Histories of Courtroom Procedure Especially Judges and Lawyers in Court

Williamjames Hoffer's picture

Quick question from a colleague: I have a student who is interested in the history of courtroom procedure—more the performative aspect than the administrative one (though he is also interested in the “unwritten rules” of the judge-lawyer relationship). I want him to do some readings about the history of courts in the US so he can do some comparisons with the present. Do you have any suggestions for books (or articles) on the topic that would work well for an undergraduate?



John Wertheimer

William R. Kenan, Jr. Professor of History

Davidson College

There are reasonable descriptions of the work that a colonial lawyer would do at the beginning of multi-volume works, where editors set up what the collections do. Bear in mind that the paperwork being explained shows little of how it would be read or acted upon by a judge, but in passing, there are comments made about how lawyers and judges interacted.
L. Kinvin Wroth & Hiller Zobel, eds,. Legal Papers of John Adams
Edward Hanson and Neil York, eds, Papers of Robert Treat Paine
Dan Coquillette, ed., Portrait of a Patriot: The Major Political and Legal Papers of Josiah Quincy Junior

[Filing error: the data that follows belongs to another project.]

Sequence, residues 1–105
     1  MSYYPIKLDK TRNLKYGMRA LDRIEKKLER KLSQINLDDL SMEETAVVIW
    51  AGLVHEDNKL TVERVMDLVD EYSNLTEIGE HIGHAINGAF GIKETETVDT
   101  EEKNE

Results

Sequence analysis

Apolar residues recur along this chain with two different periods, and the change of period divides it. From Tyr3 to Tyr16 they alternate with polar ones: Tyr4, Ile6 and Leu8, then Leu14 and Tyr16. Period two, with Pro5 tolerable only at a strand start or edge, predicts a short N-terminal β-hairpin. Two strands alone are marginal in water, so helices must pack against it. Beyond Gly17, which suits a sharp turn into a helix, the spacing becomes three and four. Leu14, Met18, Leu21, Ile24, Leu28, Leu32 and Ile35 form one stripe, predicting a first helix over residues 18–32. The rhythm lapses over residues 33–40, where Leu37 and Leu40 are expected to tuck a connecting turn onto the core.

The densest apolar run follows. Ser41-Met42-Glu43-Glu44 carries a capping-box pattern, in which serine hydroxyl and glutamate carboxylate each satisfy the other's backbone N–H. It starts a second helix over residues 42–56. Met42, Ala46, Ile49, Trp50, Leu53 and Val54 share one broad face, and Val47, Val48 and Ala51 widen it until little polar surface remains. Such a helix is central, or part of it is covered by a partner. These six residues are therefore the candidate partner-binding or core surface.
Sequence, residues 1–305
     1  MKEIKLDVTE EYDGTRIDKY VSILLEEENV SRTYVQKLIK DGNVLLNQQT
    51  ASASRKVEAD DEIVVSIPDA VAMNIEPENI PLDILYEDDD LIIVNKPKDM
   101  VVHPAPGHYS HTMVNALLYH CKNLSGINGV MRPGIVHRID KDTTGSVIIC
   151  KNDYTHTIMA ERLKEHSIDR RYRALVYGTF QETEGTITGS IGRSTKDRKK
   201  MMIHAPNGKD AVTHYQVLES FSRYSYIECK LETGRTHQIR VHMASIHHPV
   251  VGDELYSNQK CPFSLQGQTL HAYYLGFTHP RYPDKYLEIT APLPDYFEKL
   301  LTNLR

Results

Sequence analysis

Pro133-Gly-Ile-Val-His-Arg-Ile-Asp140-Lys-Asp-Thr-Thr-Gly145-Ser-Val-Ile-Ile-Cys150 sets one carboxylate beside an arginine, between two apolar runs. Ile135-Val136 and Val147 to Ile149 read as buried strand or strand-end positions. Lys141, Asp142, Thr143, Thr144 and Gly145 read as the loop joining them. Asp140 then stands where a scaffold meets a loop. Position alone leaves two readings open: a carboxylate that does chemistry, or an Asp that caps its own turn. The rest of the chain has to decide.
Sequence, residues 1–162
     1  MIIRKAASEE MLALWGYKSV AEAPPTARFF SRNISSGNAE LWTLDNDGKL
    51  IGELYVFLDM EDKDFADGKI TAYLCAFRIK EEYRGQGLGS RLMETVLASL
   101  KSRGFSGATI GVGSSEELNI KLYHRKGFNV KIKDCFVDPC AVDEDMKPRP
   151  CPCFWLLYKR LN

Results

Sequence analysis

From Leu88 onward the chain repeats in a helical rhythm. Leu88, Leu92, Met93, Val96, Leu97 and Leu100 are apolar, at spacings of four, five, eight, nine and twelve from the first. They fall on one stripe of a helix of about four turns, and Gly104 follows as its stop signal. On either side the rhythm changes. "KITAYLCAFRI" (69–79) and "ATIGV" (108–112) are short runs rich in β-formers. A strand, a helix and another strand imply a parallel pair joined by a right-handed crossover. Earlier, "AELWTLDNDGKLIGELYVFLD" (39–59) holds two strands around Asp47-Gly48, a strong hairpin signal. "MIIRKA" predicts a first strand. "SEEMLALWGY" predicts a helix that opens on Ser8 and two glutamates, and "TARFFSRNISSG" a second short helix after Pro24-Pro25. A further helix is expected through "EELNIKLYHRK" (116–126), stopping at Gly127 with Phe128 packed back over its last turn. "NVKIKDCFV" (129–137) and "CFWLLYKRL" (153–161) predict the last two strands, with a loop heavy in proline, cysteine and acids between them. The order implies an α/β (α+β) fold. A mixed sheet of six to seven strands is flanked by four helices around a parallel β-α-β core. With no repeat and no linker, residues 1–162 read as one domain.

Julius Goebel, ed., The Law Practice of Alexander Hamilton: Documents and Commentary

I hope these will help the student, who sounds like a budding legal historian!
Sally Hadden
Western Michigan University

Hi John,

Sorry I am not figuring out how to get into/reply via H-Law at the moment so replying off line,, here are two suggestions that may be of interest.

Amalia Kessler, Inventing American Exceptionalism, has a lot about 19th century courtroom performance and adversarialism.

A book about 18th century England, but that might be interesting, is called The Bar and the Old Bailey (I think?).. has a lot on the invention of criminal defense advocacy and performance.

These may be long for an undergrad (depending on the undergrad). There may be a chapter or two within each that would give the gist.

Sara Mayeux (Vanderbilt Law)